You'll want to work on hip mobility and check on ankle mobility. Lack of hip and ankle mobility are actually the two main causes of most knee problems.

You should try stretching the hip flexors and quads a bit. Foam rolling for both of them would be a good idea. You'll probably want an iliotibial band stretch (itb) and a piriformis stretch. As well as foam roller work for the ITB and TFL. [ info: http://www.t-nation.com/findArticle....4-021-training ]

Work on lumbar stability. Activating and strenthening the entire core. Do planks and other stability exercises.

Work on thoracic mobility.

For single leg work don't go straight to bulgarian squats. See if you can do static split squats. That is basically a bulgarian without the back leg elevated. Work on keeping the torso staight and the knee in line. Pick a stride length that feels good and see how you do with that. If you can't do that with movement try a split squat isometric hold. DROP THE LEG EXTENSIONS. They are probably doing more harm than good. Don't do leg press as this will just further the imbalance.

You can also try step ups.

Wolf is correct in suggesting you may be able to box squat. Heck, depending on the nature of your problems you may do better with front squats rather than back squats. But you may want to address some of these other areas first for a while. As he mentioned you have to evaluate whether you are donig those things which cause you pain CORRECTLY. Maybe if technique was corrected certain pain causing things would no longer be a poblem and those may be some things that would help to correct the imbalances. That's always the thing to check first before you just choose different things....

For more info on these kinds of things check out Mike Robertson and Eric Cressey. They will also point the way to other names to look for. Mike Boyle for instance.

Yes, all this has to do with knees
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If you act sanctimonious I will just list out your logical fallacies until you get pissed off and spew blasphemous remarks.

Last edited by EricT; 06-21-2008 at 02:33 PM.
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  #17  
Old 06-21-2008, 01:16 PM
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You're right, it was a hodgepogenous discussion. I think if we had clarified more beforehand, then the discussion would have been shorter. And more clear.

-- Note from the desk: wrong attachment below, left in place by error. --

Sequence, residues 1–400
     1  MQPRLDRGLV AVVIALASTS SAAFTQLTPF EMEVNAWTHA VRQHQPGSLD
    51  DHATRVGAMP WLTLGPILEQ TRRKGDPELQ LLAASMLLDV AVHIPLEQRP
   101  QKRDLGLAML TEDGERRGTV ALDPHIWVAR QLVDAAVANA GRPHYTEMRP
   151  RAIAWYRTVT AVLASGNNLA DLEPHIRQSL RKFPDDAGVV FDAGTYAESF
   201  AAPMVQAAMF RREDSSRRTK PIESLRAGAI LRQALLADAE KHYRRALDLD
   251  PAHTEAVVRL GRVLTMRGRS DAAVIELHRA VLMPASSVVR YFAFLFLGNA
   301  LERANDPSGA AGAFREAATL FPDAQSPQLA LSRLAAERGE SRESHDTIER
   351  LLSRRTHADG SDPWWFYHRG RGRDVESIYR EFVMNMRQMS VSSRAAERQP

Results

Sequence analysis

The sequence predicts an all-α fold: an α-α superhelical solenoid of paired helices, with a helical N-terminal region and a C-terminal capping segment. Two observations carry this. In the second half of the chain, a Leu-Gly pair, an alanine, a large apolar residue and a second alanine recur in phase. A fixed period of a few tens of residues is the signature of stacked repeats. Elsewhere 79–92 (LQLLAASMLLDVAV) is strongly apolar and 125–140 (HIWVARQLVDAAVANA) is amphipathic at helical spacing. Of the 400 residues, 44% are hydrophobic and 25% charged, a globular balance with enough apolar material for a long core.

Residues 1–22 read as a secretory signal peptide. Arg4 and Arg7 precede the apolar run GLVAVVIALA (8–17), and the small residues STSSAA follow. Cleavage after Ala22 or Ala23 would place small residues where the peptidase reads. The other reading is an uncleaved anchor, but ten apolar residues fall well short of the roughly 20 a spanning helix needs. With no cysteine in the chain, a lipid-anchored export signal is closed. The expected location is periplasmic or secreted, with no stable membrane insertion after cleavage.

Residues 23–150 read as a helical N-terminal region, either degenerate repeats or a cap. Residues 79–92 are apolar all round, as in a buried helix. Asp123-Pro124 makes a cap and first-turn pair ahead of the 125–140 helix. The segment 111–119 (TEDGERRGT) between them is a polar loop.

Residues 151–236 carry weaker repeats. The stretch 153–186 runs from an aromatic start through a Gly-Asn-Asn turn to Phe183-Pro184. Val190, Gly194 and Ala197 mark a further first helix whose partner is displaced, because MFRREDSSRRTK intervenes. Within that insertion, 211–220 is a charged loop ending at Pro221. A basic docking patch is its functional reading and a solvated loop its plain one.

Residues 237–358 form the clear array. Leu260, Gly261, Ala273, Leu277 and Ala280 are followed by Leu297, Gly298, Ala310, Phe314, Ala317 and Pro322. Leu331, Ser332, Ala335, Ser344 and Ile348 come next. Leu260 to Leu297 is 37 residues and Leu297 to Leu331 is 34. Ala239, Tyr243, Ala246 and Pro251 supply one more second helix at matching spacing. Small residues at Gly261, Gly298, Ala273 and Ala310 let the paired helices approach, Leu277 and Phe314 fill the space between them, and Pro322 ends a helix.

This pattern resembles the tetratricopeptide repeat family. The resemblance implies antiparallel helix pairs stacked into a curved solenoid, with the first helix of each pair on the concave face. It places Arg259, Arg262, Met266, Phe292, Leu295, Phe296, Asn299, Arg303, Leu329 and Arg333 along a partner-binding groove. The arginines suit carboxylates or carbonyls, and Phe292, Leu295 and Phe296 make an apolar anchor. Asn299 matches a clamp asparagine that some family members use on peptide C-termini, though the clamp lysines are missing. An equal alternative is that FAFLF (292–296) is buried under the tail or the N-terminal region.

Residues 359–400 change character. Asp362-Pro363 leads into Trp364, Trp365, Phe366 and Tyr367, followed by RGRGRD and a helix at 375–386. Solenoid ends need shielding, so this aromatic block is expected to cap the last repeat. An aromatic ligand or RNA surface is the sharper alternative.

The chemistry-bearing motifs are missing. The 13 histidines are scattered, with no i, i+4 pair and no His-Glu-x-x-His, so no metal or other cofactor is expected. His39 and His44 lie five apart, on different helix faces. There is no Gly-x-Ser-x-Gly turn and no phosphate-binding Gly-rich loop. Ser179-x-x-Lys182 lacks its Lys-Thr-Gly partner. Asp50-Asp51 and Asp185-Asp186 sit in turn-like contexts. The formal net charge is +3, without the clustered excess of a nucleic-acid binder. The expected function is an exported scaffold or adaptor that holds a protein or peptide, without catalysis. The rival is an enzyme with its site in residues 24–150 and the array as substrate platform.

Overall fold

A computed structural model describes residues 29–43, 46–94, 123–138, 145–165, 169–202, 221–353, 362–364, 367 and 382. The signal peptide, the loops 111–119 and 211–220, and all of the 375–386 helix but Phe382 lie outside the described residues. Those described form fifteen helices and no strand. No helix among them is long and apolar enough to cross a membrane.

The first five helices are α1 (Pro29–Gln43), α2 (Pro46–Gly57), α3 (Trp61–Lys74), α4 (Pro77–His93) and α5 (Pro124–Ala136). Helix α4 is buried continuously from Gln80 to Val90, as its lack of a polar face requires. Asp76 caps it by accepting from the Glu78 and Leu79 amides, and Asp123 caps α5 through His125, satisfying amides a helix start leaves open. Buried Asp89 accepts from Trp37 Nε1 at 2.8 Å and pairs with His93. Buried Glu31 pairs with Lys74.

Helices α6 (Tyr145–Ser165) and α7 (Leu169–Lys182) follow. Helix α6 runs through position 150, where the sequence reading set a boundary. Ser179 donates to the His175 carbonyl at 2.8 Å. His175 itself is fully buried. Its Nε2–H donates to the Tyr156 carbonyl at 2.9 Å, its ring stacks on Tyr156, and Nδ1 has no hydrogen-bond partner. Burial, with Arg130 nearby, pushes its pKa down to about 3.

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  #18  
Old 06-21-2008, 03:59 PM
gong gong is offline
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thanks for the advice guys. I have read through several threads by Robertson and Cressey and they do provide a lot of good information.

My knee problem is a tricky one. When I do squatting movements I get a pain on my medial knee. I also have small floating bone fragments on the lateral side, that most of the time after a few reps, move around and get stuck or something and my lateral knee tightens up and the pain is unbearable. I just have to move the bony bit with my hand and all is good again. I can run and ride my bike, it's just weight bearing exercises that causes problems. I deadlift with smaller plates, maybe the size of 35's. This causes no problem whatsoever for my knees. I have done reps with about 110kg and no problems with the knees. I've seen a couple of therapists but no joy.

I foam roll my legs, itb and hips, although not on a regular basis. I should probably get strict with this.

I think I'll just keep doing my deadlifts and start working in some very light split squats and progress very slowly and see how I go. When the knee feels good enough, I'll start with light squats. I've tried this approach before, but I rushed it and started adding too much weight. This time I'll take it really slow.
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  #19  
Old 06-22-2008, 12:29 PM
EricT EricT is offline
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Good luck. Can't you have those frags removed?
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  #20  
Old 06-23-2008, 12:41 AM
gong gong is offline
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Originally Posted by Eric3237 View Post
Good luck. Can't you have those frags removed?
Thanks mate. Yeah, I'm sure I could get them removed, but I don't have private health insurance and don't want to spend the money on it right now. I'll probably get it done somewhere down the track.